The Top 8 Headlines You Might Have Missed / Haaretz Newsline April 16

From fly-in protesters at Ben-Gurion airport to the UN observer mission to Syria, the top eight headlines you might have missed overnight.

An Israeli official said that forty percent of the non-Israeli citizens whose names appeared on a Shin Bet blacklist ahead of Sunday's so-called "fly-in" protest by pro-Palestinian activists were added to the list despite the fact that the security service had no concrete information showing they were connected with the protest in any way.

Prime Minister Benjamin Netanyahu condemned the beating of a pro-Palestinian activist by a senior IDF officer, which was seen in a film posted on YouTube on Sunday. "Such behavior does not characterize IDF soldiers and officers and has no place in the Israel Defense Forces and in the State of Israel," Netanyahu said. Andreas Ias, the Danish activist seen being hit in the face by the officer in the video, said on Monday that the officer's claim that the activists were violent is "a complete lie."

Interior Minister Eli Yishai told a conference organized by right-wing groups in Ramle on Sunday that the government aims to deport tens of thousands of foreigners who crossed into Israel illegally.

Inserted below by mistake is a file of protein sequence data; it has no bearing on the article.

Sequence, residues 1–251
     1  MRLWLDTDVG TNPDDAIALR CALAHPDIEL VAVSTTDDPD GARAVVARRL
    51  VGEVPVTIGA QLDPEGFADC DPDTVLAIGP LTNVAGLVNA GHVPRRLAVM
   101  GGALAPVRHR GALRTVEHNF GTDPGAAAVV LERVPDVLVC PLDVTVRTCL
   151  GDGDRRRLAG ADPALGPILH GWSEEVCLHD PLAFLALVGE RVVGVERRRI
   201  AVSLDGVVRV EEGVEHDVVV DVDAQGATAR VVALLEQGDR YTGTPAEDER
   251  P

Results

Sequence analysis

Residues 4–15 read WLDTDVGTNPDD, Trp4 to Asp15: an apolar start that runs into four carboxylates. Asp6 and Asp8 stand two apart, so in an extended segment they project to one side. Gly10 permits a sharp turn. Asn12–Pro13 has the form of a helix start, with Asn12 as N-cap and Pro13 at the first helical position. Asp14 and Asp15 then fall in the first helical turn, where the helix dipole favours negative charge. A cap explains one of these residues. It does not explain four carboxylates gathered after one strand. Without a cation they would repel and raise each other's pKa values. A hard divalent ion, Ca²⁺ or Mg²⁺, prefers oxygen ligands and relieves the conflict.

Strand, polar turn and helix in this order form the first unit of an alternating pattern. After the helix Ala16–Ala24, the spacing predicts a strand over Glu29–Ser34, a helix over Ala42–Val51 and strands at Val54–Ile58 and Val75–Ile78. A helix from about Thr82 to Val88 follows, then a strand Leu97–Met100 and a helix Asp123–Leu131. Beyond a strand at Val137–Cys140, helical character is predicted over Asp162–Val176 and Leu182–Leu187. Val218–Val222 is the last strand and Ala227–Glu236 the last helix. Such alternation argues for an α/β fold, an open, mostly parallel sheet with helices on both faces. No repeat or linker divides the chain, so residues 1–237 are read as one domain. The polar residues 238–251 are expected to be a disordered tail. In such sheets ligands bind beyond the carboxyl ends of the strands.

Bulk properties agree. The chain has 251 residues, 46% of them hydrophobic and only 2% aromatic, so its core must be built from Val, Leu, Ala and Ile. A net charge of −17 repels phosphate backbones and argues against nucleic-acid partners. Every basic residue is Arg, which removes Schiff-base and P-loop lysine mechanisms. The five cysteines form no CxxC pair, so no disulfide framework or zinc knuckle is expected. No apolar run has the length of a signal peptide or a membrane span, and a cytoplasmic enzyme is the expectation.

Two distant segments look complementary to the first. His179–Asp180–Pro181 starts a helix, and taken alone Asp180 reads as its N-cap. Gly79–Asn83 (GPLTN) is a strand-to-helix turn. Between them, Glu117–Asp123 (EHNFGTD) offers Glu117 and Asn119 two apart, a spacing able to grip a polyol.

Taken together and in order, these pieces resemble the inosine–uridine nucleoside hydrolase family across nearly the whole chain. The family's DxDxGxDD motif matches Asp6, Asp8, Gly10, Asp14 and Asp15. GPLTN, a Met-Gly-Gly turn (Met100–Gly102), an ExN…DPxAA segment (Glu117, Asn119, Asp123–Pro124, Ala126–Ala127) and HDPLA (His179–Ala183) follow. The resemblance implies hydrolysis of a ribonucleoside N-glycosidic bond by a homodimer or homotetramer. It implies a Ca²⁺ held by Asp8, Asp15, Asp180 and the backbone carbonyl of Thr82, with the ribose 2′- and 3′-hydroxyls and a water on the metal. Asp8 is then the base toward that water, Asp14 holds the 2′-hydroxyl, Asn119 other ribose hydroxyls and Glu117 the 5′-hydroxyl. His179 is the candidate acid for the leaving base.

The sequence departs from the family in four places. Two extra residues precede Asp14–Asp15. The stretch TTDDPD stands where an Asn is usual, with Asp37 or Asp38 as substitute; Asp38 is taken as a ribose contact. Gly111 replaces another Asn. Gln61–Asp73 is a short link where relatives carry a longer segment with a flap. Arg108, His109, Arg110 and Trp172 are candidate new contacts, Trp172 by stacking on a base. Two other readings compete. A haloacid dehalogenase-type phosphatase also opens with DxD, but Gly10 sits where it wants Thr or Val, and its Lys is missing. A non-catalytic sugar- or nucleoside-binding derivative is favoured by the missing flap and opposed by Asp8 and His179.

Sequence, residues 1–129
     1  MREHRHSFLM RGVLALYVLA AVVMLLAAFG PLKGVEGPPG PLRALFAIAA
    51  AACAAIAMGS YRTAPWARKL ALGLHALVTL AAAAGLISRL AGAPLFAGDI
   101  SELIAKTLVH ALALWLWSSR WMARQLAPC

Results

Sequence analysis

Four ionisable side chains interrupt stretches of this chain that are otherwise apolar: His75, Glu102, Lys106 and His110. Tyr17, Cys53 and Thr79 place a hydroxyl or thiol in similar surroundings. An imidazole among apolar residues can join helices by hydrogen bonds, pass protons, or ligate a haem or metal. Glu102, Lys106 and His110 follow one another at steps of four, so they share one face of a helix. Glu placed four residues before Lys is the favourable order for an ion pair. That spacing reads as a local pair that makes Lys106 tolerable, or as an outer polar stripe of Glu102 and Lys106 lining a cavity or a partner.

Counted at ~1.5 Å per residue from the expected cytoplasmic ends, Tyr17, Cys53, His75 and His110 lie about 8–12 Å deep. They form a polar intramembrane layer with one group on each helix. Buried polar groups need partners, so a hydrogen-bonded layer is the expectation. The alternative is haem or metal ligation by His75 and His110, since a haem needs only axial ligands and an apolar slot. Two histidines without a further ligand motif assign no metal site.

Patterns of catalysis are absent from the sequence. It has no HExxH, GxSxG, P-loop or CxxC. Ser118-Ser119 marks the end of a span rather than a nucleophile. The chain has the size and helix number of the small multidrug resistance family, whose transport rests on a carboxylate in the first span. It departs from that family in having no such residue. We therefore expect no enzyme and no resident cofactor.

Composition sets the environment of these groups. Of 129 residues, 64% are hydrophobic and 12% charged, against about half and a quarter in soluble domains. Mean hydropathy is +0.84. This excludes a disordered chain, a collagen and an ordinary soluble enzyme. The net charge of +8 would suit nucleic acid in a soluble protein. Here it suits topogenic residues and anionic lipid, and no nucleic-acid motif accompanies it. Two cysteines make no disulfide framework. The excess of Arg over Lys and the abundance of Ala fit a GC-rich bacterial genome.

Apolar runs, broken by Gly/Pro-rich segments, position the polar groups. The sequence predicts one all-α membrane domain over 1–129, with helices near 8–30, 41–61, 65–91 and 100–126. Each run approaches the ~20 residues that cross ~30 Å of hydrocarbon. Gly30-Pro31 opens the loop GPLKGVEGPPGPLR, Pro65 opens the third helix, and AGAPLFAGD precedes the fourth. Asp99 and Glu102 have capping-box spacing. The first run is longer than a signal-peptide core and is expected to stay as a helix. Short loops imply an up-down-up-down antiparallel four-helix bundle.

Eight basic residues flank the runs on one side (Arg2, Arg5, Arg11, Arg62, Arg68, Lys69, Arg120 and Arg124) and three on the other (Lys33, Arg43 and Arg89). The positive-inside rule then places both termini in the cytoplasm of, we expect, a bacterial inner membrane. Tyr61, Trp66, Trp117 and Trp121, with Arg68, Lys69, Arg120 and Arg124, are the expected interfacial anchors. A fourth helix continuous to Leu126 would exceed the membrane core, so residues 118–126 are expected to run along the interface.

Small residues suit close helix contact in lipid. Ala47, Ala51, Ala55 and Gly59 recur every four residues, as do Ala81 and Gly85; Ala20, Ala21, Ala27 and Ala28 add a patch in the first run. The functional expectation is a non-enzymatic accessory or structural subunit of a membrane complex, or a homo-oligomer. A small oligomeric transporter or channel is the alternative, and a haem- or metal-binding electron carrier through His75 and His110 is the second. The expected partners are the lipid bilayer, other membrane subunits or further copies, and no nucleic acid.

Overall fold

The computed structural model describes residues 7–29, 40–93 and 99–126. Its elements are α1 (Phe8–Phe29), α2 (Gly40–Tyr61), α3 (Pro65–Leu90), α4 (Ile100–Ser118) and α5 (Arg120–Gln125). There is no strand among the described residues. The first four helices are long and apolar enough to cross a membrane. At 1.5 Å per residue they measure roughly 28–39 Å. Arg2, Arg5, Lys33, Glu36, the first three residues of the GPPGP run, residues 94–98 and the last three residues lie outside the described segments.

Dozens of Beitar Jerusalem soccer fans marched in Jerusalem chanting anti-Arab slogans on their way to a match on Sunday - and beat a woman who objected, the woman said.

Former news anchor Yair Lapid announced on Sunday that his new political party will be called Atid, which means "future," but he was to tell the public whose faces - other than his own - the Future will hold.

An advance team of six UN observers arrived in Damascus on Monday to monitor Syria's 4-day-old cease-fire, as heavy clashes broke out on the Syria-Turkey border between the Syrian army and opposition forces. Twelve people were reportedly killed in the fighting in the country on Monday.

A dozen Iranian nuclear experts visited North Korea last week to observe its failed rocket launch on Friday, South Korea's state news agency reported on Sunday.  "The Iranians undoubtedly were there to observe the missile launch and receive test data from North Korea," the correspondent quoted a diplomatic source, who wished to remain anonymous, as saying.

Anders Behring Breivik, the Norwegian far-right militant who massacred 77 people last summer gave a clenched-fist salute, smirked at the court and pleaded not guilty on the first day of a trial that threatens to turn into a "circus" showcasing his anti-Islamic views.